The results of the study were declared "astonishing" by one cardiologist. The study results may be used to call for every American over age 50 to receive statin drugs, even if they are healthy and exhibit few risk factors for a heart attack.
Statin drugs are much more expensive and have far more side effects than a natural supplement that is even more effective.
Vitamin C, widely known as an antioxidant, actually serves to induce oxidation of cholesterol and its conversion to bile, which facilitates its exit from the blood circulation. Provision of high-dose supplemental vitamin C to guinea pigs decreases cholesterol concentration in the blood plasma. [Annals New York Academy Science 1975 Sep 30; 258:410–21; International Journal Vitamin Nutrition Research Supplement 1982; 23:137–52] Read more

Monday, February 16, 2009

Age-Related Changes in the Brain Slowed with Fitness

Need another reason to exercise? Researchers from the University of Kansas Medical Center say age-related changes in the brain appear to be slowed in physically fit individuals.
Being more physically fit appears to slow down damage to the brain's memory centers in the early stages of Alzheimer's disease, according to a study conducted by researchers from the University of Kansas Medical Center and presented at the Alzheimer's Association International Conference on Alzheimer's Disease in Chicago.
Read more

Saturday, February 14, 2009

Less Prostate Cancer Treatment? There May Be Hope

A new prostate cancer urine test offers hope of avoiding unnecessary surgery or radiation treatment.
US scientists have moved a step closer to a simple urine test to distinguish between the benign and aggressive forms of prostate cancer.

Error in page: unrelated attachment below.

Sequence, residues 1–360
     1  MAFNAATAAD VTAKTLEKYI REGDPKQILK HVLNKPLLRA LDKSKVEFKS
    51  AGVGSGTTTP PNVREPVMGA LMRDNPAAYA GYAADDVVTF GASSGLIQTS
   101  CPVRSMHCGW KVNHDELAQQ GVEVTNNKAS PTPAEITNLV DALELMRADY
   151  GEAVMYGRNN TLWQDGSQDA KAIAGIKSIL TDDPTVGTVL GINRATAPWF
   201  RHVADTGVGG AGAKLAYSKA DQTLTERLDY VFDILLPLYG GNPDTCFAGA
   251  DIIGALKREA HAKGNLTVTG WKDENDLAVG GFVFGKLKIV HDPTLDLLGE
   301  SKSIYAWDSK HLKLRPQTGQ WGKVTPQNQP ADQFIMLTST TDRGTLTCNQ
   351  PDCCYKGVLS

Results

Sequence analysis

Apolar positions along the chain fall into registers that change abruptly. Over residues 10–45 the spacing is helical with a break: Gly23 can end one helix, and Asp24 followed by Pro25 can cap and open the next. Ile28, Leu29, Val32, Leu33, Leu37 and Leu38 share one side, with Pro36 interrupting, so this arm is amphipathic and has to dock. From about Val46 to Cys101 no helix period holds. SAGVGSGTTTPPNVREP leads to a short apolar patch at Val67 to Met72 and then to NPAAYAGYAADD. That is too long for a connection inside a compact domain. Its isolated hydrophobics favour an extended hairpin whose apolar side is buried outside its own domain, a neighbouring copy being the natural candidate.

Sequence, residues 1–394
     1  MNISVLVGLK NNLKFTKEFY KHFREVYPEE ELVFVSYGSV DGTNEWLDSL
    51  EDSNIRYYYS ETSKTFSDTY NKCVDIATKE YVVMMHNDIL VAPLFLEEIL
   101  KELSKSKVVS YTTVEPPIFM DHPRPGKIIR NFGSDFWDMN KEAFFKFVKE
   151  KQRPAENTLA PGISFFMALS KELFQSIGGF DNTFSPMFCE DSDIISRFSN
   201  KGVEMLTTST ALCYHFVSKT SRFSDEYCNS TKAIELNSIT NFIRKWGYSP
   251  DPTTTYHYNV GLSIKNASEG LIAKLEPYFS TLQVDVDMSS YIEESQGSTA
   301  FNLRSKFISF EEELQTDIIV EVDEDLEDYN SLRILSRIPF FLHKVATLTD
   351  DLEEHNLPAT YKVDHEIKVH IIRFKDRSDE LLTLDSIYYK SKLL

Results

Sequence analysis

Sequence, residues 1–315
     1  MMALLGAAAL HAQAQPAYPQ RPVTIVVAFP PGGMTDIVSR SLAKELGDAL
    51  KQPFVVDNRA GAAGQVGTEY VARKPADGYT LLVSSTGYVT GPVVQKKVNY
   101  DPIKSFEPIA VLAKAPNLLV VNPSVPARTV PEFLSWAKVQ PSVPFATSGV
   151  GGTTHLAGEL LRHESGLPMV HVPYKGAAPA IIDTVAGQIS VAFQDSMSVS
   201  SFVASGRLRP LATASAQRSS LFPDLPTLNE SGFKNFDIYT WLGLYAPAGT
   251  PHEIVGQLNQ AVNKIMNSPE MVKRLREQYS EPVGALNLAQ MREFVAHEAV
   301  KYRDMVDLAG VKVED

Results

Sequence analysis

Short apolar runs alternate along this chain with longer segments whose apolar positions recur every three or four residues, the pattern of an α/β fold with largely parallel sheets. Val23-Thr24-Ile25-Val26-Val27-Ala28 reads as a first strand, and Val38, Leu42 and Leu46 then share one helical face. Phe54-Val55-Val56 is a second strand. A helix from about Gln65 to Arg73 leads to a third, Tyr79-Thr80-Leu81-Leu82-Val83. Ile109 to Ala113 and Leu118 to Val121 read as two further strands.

Some prostate cancers are slow-growing, while others require rapid treatment.

But telling them apart can be difficult and some patients undergo unnecessary surgery or radiation treatment. Read more

Friday, February 13, 2009

Another Reason to Exercise

If you need another reason to exercise, how about cutting your colon cancer risk by a quarter?
Taking exercise can cut the risk of the most common kind of bowel cancer by a quarter, research suggests. Read more

Monday, February 9, 2009

How Much Exercise Do You Need to Stay Healthy? (It's Less Than You Think)

A lot of people want to know what is the bare minimum amount of exercise needed to stay healthy. The good news, according to British researchers, is that it's less than you think. Can you spare seven minutes a week?
We've heard time and time again that people should be active almost daily to stave off weight gain and disease. But busy people want to know: What's the least amount of exercise I can get away with and still stay healthy? The answer will shock you...

What number did you guess? An hour a week? A half hour? Try seven minutes. Read more

Tuesday, February 3, 2009

Plums: New Disease-Fighting Super-Food

Plums are a new super-food and full of disease-fighting antioxidants, say experts.
Plums are being heralded as the new 'super-food' by scientists. They found the purple fruit matched or exceeded blueberries in antioxidants and phytonutrients, which help prevent disease. Read more

Design by Free Wordpress Themes | Bloggerized by Lasantha - Premium Blogger Templates